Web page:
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Commuter Students Case Study #1 Staffordshire University

  • 26 December 2018
  • By Liz Barnes

This blog is written by Liz Barnes, Vice-Chancellor, Staffordshire University. It originally appeared as a case study in HEPI’s report Homeward Bound: Defining, understanding and aiding ‘commuter students’ by David Maguire and David Morris. 

Staffordshire University has 56 per cent of full-time undergraduate students with the same home address as their term-time address. Our HESA data classifies 36 per cent of our students from the local area, not all of whom live at home. Therefore, we have a significant number of students who have long distances to travel. We are in the top 20 for short, medium and long-distance commuters; some of our students are commuting more than 152 miles. As 36 per cent of our students are mature, with family commitments and caring responsibilities, the data are not surprising.

In addition to the challenges presented by commuter students, where evidence has shown that they are likely to have poorer outcomes and are less satisfied with their experience, 40 per cent of our students come from areas classified as among the most deprived in the country and many fit several indicators of disadvantage. It is not surprising therefore that retention remains one of our greatest challenges.

In order to try and better understand our students, their drivers and ambitions, we have undertaken an analysis identifying student segments that has helped us consider how we shape their experience both in their formal studies and the wider experience at university. Each discipline has a different mix and it is important this is understood by course teams.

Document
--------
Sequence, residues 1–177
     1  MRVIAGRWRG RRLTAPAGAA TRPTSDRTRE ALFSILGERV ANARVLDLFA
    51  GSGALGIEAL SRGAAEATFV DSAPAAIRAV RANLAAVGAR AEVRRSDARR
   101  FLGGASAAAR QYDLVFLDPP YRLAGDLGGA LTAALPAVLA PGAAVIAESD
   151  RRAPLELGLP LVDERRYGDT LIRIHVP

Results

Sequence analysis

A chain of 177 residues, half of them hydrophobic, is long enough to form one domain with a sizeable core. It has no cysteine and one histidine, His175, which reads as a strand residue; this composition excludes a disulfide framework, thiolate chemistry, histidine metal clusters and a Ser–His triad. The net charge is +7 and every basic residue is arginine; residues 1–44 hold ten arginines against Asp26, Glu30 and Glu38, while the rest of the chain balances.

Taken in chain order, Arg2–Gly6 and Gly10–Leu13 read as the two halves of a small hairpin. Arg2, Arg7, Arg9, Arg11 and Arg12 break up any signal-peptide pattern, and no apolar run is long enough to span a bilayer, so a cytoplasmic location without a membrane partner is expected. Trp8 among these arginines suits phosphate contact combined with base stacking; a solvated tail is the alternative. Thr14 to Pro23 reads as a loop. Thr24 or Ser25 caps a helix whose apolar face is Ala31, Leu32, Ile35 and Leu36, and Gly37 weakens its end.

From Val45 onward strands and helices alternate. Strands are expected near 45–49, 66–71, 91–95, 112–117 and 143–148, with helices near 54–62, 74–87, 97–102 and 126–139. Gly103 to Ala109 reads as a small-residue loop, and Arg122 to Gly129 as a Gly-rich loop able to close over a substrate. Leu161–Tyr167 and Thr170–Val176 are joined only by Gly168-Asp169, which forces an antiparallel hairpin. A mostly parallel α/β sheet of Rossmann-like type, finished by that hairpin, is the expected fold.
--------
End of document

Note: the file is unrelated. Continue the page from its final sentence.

For example, in Nursing and Midwifery, a plurality of our students can be described as ‘carers’. They know why they are here and what they want to do when they graduate. They are focused, like to be organised and care about others / what others think of them. The second largest category are ‘jugglers’, those who are not necessarily where they thought they would be at this stage of life. These students often do not really feel they can get involved in the wider university experience.

However, in Games Design for instance, we have:

  • ‘enthusiasts’, for whom their subject is their passion and who are not as bothered about the social experience of university; and
  • ‘flow-goers’, who tend not to stray from their comfort zone and therefore tend not to get involved in the wider university experience.

We know students who are more engaged with the university, spending more time on the campus and building up a peer-support network, are more likely to succeed and to be more satisfied with their student experience. We are currently implementing a student journey project where we consider the student experience from first contact to becoming alumni, with a particular focus on students that live at home.

Not all parts of the plan are yet in place, but they include:

  • residential induction opportunities enabling students to build their networks and get to know more about the campus and activities;
  • a quiet induction for those that need more support in settling in and making connections;
  • a more diverse sports offer, spread across the week at different times of day and facilitating more casual participation;
  • reorganising the timetable to reduce the number of days spent on campus, while trying to maximise engagement when they are present; and
  • supporting car-share and negotiating reduced travel costs.

We now have a thriving parents, carers and mature students network. Using the National Union of Students’s Ten Steps Towards a Child-Friendly Campus we have begun to make our campus more family / child friendly, enabling them to spend time on campus. We have webpages and resources designed specifically for this group.

This is all just the start. As we continue to develop and refurbish our campus, one of our key principles is the ‘sticky campus’: developing spaces that will enable and encourage students to spend more time on campus. Understanding our students’ lifestyles, ambitions, and challenges is key to providing the right kind of university experience, student support and courses that will enable all to achieve their potential.

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